April 22, 2020
After all, sovereign debt is only measured as an absolute number by the media, because it's a big number, and eye-catching. But GDP is a big number too. And in terms of our ability to service debt at sustainable interest rates, what matters is the size of debt relative to the size of the economy. In that respect, that ratio is ballooning, and will continue to get bigger, in the near term, as policymakers pump more money into the economy, to best insure against the worst-case scenario.
But in the post-virus environment, as I said yesterday, our government debt will be inflated away — meaning we will also have inflated growth. The value of our economic output will be measured with dollars that are easier to come by and less valuable (inflating the value of GDP). That will ultimately normalize the Debt-to-GDP levels. Again, this doesn't work so well in a normal world where global economies perform unevenly (good and bad/ winners and losers). But in a world where everyone is in the same boat, these policies become a global reset of prices (and ultimately wages).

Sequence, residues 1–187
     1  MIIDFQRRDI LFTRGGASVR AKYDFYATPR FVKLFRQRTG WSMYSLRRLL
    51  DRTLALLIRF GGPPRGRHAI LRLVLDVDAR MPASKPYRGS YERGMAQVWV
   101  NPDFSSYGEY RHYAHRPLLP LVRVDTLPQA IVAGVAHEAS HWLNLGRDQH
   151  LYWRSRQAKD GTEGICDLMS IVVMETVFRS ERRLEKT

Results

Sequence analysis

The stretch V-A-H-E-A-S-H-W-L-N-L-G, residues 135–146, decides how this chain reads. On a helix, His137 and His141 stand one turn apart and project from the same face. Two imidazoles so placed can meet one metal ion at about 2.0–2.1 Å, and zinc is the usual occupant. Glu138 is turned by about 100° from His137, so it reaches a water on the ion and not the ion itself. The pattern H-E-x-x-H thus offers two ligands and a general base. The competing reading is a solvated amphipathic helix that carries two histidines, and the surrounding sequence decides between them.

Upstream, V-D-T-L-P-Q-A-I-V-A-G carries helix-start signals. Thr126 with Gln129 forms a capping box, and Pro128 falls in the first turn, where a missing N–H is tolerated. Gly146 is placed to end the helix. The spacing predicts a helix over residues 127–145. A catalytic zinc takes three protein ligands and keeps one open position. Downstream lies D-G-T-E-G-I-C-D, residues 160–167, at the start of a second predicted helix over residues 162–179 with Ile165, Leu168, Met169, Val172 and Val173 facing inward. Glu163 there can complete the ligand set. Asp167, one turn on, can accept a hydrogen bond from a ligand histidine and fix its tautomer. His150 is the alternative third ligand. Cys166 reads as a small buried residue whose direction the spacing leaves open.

Again, this inflation brew is a recipe for much higher gold prices.
Last week, billionaire Paul Singer, one of the best investors of the past 40+ years said he thinks gold can trade multiples higher than current levels. Yesterday, Bank of America projected a move to $3,000 in gold. Spot gold currently trades around $1,710.
With that, remember we looked a leveraged way to play gold last week, in a gold miners ETF, GDX.
Here's another look at this chart, which is just breaking out …
As we discussed last week, a return to the 2011 highs in this ETF (the record highs in gold prices), would mean more than a double (relative to a 12% gain in the underlying).